Mother and Baby

Some honesty, please! What happens to your vagina after birth?

Becoming a mother can be one of life’s greatest joys, but, as we all know, labour brings with it several complications.

When putting your birth plan together, you do your best to predict and account for the various situations that you might encounter before, during and after labour.

And, while it’s important to think optimistically about what’s to come, it’s also wise to be as realistic as possible about the complications that might make things more difficult for you.

To help you prepare, we take a look at the most common issues women can face in this exploration of what motherhood could mean for your vagina:

You may have vaginal tearing during labour

During the first stage of labour, your contractions will help your cervix to open (or dilate). You’ll be fully dilated once your cervix has opened out to 10cm, and the second stage of labour will begin.

This is when you’ll need to start pushing your baby out. This is also when vaginal tears *may* happen.

Vaginal tears tend to occur if your baby is pushed out too quickly before the muscles between your vagina and anus (known as the perineum) have had a chance to stretch.

Your midwife or doctor may recommend an episiotomy – a small cut along the perineum – to prevent accidental tearing as that can be more difficult to recover from.

To give your vagina the best chance possible, do regular perineum massages – no more than twice a week – in the run-up to your due date to help stretch the muscles in preparation for labour.

You can do the massage yourself or ask your birthing partner to help you.

Find a team that will support you properly

Whatever happens during labour, it’s important to communicate with the medical professionals helping you.

Unfortunately, as new research by specialist lawyers Bolt Burdon Kemp has uncovered, many women are uncomfortable talking to their doctors about issues surrounding their reproductive health.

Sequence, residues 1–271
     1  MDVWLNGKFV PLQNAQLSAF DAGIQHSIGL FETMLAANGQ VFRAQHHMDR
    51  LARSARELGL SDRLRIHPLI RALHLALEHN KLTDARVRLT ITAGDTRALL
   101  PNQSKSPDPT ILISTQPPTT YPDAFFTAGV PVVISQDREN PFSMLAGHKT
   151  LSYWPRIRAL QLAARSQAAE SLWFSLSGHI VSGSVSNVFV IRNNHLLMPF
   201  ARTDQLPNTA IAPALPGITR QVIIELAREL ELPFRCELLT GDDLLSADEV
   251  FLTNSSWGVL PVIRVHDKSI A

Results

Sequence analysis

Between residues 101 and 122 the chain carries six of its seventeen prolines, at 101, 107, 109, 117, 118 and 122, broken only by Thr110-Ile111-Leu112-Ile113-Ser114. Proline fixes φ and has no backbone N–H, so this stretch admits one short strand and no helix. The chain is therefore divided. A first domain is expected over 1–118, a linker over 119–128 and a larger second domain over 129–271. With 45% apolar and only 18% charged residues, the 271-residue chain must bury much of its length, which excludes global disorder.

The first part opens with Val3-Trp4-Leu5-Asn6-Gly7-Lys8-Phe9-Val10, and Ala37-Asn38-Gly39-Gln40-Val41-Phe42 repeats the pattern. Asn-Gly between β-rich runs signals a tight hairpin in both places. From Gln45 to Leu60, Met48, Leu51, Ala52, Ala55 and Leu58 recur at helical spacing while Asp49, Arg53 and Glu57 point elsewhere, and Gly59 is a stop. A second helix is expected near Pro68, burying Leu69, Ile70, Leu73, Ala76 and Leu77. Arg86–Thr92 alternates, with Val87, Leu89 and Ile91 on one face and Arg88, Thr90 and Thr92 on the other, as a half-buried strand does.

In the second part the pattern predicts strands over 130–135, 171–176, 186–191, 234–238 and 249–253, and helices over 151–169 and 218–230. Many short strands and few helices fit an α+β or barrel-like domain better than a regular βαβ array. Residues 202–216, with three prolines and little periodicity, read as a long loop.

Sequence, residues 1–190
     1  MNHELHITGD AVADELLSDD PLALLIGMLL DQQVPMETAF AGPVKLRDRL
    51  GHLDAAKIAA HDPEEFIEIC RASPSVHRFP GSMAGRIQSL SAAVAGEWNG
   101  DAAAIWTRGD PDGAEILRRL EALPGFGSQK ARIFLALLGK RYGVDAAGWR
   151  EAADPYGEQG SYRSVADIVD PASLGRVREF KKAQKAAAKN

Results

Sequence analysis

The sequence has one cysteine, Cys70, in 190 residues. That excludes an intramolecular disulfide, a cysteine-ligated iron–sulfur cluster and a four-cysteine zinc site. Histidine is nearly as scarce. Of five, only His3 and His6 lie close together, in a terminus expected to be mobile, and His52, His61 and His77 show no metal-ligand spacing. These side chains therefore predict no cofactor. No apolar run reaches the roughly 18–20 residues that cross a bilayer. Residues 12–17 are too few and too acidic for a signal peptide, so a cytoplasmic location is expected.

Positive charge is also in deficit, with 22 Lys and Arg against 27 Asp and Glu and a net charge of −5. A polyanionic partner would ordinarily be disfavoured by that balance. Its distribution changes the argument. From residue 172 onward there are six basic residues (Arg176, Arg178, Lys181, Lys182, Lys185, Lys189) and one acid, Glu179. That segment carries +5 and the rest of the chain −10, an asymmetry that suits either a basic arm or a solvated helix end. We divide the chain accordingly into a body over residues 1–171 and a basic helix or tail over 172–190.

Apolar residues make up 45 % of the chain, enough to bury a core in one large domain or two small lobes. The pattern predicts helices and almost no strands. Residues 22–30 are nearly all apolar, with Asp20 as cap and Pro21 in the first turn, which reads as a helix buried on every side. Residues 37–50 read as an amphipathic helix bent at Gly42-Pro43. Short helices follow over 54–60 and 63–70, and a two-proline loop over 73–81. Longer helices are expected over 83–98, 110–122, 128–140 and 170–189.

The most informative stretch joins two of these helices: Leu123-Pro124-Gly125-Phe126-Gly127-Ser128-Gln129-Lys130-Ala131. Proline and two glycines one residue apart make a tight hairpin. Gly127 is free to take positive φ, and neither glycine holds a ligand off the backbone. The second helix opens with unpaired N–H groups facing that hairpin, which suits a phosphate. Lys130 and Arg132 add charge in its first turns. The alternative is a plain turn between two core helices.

For example, the study found that over 1 in 10 women didn’t feel heard, believed or supported when they talk to doctors about issues like reproduction, fertility, and pregnancy.

It’s therefore important to surround yourself with a birthing team you trust, shopping around if you need, to find the right doctor or midwife that listens to you.

Your vagina may go through some transformations

After birth, you’ll probably find your vagina is quite sore and painful. You may also find things are looser down there – say, if you’re unable to hold a tampon in place – but this is because the pelvic floor muscles have become weaker.

Kegel floor exercises can help strengthen those muscles and could also help with any incontinence issues.

Your vagina should start to tighten up again within a few weeks or months, but if anything doesn’t feel quite right, don’t hesitate to see a doctor.

With the research cited above finding that almost half of women (47%) don’t know enough about their reproductive health to know what is normal and what is not, it’s important to be proactive.

Learn as much as you can about what to expect from your body in the days, weeks and months after birth so you know exactly what you might be facing.

You may also find changes in your discharge, changes in the colour of your vulva, vaginal dryness if you’re breastfeeding (because breastfeeding lowers your oestrogen levels), and you may find sex to be more painful.

In general, healthcare professionals recommend waiting four to six weeks before having sex, but it all depends on when you feel ready (and use plenty of lube when you do).

Over a quarter of women are worried about their reproductive health

The research by Bolt Burdon Kemp found that over a quarter of women would say they are quite worried or very worried about their reproductive health.

If you’re in a similar situation, hopefully, the insights above have helped alleviate some of those worries.

After all, whatever stage of pregnancy you are in, it helps tremendously to learn as much about what’s to come as possible, as well as all the options available to you, so you can create a birthing plan that suits you to a tee.

Written by Jennifer Grey. 

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